3. B”H we have been very fortunate to have Landau’s, Freeda, and now Maxi-Health and Zahler’s looking out for us as opposed to when One-a-Day was the only vitamin in town.

    4. Would the good Rabbi also advise getting intravenus koher certified as well ? Is taking vitamins considered eating? Does anyone get pleasure from ingesting vitamin tablets or capsules? Oh yes, and what bracha should we make when taking intravenus, aspirin, or Tylenal? And, of course, what after-bracha. (By the way, this inquiry is a serious one. Please answer. Thank you.)

    5. I hope this article doesn’t lead to anyone cutting back on needed food supplements. If they can find what they need at a reasonable price with hashgacha, then they should obviously purchase it. But if not, they should do their best with what is available but not give up needed vitamins and supplements.

      • are you saying this as a posek, or giving your opinion? if it is just your opinion, on what basis are you telling people it is okay to not to give up a vitamin or supplement if none is available with a hechsher?

        this is a serious question, and if anyone else can answer, that would be fine as well.

    6. The only reason vitamins need a hechsher is because a Jew needs to make a parnassah. Other than that, vitamins are not considered food, and therefore do not need to be kosher.

      • Are u a poisek? Do u have shimush and know yoreh de’ah clearly that u can issue such a sweeping psak?
        vitamins and supplements are considered food, and not medicine. Therefore they need a hechsher. The big machlokes between modern-day poskim is about prescription medicine needing to be chametz free (even is they are not kosher).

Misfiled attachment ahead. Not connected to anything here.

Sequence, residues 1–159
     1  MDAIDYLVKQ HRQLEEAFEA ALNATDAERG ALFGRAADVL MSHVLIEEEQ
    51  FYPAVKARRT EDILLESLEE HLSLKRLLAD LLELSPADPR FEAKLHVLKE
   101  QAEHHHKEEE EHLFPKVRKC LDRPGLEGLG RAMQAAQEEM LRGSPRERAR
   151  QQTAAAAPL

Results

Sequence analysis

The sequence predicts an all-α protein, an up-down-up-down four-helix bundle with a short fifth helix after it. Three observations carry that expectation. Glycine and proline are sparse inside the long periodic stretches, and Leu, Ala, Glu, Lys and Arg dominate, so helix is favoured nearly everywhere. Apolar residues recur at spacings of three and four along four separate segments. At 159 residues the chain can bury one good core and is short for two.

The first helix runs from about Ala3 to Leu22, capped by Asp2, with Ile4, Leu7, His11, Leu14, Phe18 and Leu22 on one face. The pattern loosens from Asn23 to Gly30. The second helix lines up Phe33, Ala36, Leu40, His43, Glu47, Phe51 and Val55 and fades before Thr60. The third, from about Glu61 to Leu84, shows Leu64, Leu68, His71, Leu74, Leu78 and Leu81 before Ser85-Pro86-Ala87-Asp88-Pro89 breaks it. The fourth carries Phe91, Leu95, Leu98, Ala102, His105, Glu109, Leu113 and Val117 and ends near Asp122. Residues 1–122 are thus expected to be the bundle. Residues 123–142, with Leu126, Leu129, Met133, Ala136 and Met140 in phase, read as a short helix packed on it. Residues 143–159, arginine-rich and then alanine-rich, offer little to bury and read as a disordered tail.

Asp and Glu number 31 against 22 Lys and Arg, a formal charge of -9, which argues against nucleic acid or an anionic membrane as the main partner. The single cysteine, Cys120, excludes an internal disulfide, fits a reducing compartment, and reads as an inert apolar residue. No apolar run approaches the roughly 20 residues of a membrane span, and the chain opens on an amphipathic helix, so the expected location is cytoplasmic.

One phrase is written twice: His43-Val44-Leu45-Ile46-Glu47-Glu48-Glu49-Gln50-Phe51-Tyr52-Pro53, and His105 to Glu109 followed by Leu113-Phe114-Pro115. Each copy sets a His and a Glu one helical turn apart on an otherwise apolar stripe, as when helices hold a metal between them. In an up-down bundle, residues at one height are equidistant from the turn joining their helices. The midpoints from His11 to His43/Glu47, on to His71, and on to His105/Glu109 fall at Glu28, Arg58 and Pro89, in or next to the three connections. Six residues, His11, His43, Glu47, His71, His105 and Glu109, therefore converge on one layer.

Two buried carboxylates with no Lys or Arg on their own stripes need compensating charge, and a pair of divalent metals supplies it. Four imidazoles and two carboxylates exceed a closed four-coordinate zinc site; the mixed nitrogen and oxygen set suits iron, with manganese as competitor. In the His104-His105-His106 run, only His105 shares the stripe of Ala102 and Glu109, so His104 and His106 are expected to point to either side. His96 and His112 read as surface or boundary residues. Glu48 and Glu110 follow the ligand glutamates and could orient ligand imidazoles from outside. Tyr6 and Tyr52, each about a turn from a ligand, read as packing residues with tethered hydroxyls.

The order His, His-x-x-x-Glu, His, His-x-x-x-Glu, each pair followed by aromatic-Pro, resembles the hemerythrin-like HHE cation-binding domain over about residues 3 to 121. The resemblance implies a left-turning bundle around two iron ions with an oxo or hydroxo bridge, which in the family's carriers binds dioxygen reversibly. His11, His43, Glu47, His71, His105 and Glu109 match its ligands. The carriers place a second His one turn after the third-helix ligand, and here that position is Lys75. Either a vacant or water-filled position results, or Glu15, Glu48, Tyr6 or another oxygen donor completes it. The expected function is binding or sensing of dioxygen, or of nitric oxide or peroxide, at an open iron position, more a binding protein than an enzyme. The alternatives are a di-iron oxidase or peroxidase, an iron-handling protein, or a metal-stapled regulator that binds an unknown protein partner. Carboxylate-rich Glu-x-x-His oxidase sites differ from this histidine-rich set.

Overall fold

The OU has paskened that any prescription medicine can be used and u don’t need to research all these lists and books about medicines. Rabbi Blumenkranz A”H disagreed and his reasoning was that since humans digest them, they are no longer “ainoi ro’ui l’achilas kelev” and need to be chametz free.

        However regarding vitamins and supplements, everyone holds that they have to be kosher since they are not medicines.

        If not taking the medicine can cause harm to the person, everyone agrees that u must take it, regardless of the ingredients.

        • you are NOT correct that vitamins and supplements need a hachsher because they are considered food. They may need a hechsher, but NOT because they are considered food.

          In fact, machmirim allow you to take vitamins that have non-kosher ingredients by wrapping them in tissue before swallowing, and there is a big issue about whether the pill has a pleasant taste or not.